"First, the West must stop viewing the military in black-or-white terms and engage with them directly.
"Second, the U.S. should welcome Myanmar back into the International Military Education and Training (IMET) program. While we once brought 167 Burmese soldiers to study and train in America, since the 1988 coup Congress has repeatedly blocked further IMET assistance to the country. Ostensibly intended to punish Myanmar for human rights abuses and prevent further atrocities, by limiting the military's exposure to ideals like the rule of law and civilian authority, these restrictions actually further stunt the country's democratic development.
"Third, we should use the prospect of U.S. military assistance to strengthen the hand of potential reformers like Hlaing. Myanmar is "desperate to have relations with the U.S. military," a friend tells me. "That is the biggest driver with working with the military is to get recognition from the U.S. that they are a professional military.... This is a huge lever."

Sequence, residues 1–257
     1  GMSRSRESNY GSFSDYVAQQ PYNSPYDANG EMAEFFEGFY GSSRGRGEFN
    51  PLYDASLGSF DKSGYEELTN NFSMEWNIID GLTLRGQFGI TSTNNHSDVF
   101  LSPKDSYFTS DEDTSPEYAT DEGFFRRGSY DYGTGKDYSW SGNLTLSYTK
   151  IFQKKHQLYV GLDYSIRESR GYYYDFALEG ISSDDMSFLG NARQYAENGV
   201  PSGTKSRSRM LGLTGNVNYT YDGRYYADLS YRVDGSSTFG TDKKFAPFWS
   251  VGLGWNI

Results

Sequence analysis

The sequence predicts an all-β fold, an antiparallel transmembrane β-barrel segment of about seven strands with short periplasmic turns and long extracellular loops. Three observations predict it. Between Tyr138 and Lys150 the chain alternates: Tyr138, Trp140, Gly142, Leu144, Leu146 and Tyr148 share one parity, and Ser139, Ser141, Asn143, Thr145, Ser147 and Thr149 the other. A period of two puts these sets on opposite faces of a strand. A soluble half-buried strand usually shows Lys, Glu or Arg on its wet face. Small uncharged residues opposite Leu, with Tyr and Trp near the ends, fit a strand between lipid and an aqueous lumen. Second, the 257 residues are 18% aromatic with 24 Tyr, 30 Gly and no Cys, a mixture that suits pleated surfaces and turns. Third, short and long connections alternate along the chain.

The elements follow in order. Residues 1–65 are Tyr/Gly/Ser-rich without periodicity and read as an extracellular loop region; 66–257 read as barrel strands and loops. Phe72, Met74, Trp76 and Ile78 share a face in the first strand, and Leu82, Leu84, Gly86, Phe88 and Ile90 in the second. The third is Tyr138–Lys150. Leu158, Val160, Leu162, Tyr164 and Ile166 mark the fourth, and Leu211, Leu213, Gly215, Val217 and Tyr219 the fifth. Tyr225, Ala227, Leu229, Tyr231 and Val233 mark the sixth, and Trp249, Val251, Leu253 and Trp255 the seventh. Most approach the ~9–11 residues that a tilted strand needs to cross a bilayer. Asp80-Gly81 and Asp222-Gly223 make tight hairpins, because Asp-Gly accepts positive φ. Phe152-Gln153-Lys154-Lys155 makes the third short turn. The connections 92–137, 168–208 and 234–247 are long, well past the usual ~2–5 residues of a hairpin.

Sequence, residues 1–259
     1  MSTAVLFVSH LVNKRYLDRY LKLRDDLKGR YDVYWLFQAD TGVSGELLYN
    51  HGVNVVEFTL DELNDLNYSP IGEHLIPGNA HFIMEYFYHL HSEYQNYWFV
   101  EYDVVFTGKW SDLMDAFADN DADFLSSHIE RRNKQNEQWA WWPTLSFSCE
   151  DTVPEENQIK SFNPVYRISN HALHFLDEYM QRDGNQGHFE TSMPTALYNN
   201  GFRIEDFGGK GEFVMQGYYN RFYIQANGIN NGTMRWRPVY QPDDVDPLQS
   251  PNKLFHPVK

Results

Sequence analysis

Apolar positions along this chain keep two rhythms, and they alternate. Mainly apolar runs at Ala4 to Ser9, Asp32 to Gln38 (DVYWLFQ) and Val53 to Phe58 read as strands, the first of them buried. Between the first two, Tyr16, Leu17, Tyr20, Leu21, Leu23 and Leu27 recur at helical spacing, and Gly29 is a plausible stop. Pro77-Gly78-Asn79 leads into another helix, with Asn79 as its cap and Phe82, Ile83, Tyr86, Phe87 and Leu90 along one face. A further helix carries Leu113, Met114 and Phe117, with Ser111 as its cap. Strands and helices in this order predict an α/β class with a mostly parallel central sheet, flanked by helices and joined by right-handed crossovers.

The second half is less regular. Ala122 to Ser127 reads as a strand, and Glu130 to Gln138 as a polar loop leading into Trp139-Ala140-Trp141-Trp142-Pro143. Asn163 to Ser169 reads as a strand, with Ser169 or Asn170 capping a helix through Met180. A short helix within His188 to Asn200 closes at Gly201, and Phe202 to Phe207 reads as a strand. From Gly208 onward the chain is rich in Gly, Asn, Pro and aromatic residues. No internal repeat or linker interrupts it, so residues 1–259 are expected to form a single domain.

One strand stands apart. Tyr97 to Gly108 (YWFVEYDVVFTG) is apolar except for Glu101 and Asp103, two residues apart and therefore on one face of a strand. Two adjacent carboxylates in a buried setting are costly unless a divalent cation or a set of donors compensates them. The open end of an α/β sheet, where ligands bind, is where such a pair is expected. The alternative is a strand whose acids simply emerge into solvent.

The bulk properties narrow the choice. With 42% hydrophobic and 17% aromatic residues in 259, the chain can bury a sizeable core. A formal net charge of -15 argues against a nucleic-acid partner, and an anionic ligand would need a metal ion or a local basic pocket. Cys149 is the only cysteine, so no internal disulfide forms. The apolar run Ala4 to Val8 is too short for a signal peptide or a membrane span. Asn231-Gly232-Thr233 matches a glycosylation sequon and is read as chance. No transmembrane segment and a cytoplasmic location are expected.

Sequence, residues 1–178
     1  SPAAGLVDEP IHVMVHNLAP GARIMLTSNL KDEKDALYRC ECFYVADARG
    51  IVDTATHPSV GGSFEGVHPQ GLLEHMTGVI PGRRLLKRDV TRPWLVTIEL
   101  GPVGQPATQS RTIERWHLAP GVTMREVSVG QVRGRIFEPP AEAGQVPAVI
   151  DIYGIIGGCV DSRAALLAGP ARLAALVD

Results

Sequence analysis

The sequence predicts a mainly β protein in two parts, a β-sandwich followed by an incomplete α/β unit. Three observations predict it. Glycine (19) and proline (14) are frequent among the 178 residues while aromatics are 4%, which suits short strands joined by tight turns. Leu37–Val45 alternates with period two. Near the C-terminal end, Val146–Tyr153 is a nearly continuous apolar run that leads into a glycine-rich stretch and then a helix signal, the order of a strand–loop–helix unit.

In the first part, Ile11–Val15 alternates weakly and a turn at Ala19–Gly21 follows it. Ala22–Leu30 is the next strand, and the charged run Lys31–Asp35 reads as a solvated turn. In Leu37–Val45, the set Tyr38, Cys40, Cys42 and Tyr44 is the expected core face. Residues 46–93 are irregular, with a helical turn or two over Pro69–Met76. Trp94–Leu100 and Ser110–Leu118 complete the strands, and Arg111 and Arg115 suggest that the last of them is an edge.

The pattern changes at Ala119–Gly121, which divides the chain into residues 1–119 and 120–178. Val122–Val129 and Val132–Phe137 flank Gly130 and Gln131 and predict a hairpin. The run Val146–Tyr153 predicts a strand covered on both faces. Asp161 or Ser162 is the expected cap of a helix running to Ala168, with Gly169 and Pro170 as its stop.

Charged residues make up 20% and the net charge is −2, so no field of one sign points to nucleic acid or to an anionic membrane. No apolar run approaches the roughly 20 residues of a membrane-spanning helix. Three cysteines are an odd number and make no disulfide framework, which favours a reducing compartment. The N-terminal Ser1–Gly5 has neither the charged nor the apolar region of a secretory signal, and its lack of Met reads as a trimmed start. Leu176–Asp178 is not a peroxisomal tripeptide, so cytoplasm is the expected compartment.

"If the U.S. is willing to use that lever--and if Myanmar's military continues to embrace reform-maybe some day soon the celebration once known as Resistance Day, now called Armed Forces Day, can finally be called Democracy Day."
The Asian Development Bank Tuesday predicted economic growth in Myanmar will surge by over eight percent for the next two years as it urged the nation to press on with reforms before landmark elections.